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MSPs can easily talk to each other about the latest gadgets and gizmos, but talking to other people about that same technology can be more of a struggle. It is the same with MSPs and their conversations with businesses. 

Watching someone try to sell their services to people can be like watching a slow-moving train wreck — there is enthusiasm when MSPs talk to business owners, but it can be hard to translate that excitement to the client. 

That is where the importance of conversations comes into play.

If you’re an MSP, then your entire training for becoming an MSP has been technical. You learned the tips and tricks and workarounds for all things technology. Now, all of a sudden, you are being asked to work with people and explain your services and abilities to them. You most likely do not have the training or knowledge to have conversations that will enable those business professionals to fully understand what it is that you do and what you can do for them. 

When entering those conversations, it is important to approach them as people and not as machines. You cannot simply throw solutions their way expecting them to grasp what it is that you are trying to tell them. You have to listen — find common ground and really understand what it is that they care about. 

If you are only talking about technology, it will most likely make their eyes glaze over and feel impersonal. At the selling stage, business professionals do not care about the technology — they care about whether they like you or not. Look at the technology solution through their eyes. See how this technology can truly help them, not from an IT standpoint, but from a personal perspective. 

Here’s an example. An MSP makes a business’s internet speed much faster and its bandwidth much better. The MSP will look at this solution as a complete technical solution. But, the business professional is excited about having extra time due to not having to actually drive into the office, letting them attend their daughter’s softball game. Both people had totally different standards to measure success, but both situations were using the same technology.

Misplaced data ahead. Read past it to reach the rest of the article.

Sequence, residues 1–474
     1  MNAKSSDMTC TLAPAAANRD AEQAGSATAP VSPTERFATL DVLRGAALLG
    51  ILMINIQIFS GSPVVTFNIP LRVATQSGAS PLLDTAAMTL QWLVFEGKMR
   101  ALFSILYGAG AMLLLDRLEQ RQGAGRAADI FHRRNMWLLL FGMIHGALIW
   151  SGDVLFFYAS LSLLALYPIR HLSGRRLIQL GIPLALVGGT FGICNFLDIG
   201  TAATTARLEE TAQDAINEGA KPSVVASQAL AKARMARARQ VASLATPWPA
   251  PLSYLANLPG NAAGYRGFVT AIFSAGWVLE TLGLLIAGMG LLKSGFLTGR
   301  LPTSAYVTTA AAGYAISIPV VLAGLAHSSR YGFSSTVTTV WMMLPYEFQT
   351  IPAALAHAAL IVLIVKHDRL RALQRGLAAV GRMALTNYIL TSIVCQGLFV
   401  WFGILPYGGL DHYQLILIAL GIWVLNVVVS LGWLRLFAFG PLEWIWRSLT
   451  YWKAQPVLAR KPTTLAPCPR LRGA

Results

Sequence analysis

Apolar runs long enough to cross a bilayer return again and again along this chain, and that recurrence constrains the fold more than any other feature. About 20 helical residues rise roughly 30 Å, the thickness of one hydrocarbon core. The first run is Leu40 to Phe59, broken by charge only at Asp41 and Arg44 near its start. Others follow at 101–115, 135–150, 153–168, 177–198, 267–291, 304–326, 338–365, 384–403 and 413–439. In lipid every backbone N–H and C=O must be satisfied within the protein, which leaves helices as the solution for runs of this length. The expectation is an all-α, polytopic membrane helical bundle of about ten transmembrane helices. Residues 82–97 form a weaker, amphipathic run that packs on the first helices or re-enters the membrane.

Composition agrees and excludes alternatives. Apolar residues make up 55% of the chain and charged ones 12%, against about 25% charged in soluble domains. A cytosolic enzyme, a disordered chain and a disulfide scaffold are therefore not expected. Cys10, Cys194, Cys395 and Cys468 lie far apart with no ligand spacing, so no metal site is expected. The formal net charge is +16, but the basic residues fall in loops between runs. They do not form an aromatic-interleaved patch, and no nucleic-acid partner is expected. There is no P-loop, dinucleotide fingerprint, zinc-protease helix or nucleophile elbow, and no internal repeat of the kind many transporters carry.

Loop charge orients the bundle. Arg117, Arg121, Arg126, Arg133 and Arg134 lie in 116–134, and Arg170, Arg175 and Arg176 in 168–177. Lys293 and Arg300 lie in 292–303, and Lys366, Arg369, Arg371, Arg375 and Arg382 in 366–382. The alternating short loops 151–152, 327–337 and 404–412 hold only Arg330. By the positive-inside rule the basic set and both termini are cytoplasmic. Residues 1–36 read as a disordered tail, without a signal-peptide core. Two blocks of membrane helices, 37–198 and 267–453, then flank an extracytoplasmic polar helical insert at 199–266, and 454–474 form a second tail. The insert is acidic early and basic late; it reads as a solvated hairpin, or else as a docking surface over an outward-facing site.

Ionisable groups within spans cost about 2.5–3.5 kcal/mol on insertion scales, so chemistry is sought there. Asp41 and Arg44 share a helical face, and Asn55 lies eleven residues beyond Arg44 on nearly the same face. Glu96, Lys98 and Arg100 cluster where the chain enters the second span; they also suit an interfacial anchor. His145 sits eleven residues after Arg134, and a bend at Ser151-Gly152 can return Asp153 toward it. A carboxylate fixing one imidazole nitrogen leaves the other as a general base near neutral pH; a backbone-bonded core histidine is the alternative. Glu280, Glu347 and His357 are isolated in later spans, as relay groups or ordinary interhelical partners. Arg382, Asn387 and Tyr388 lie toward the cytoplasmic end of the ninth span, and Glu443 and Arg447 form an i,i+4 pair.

Ultimately, people make most decisions with their hearts, not their heads. If you are great at connecting with the person before talking business, then selling to them will be much better for both parties. 

Adam Walter

Written by Adam Walter

Adam has witnessed too many bad QBRs, technology conversations with executives, boring presentations and lengthy quotations. He felt that this is a major obstacle for small businesses to adopt great technologies. He started his own vCIO practice and has grown it into a very lucrative business in a short amount of time focusing only on vCIO offerings to small businesses. He’s been training and crafting materials for MSPs around the world to unlock the potential for MSPs to become business partners. He started his own vCIO practice and has grown to a very lucrative business in a short amount of time focusing only offering vCIO offerings to small businesses. He had been training and crafting materials for MSPs around the world to unlock the potential for MSPs to become business partners.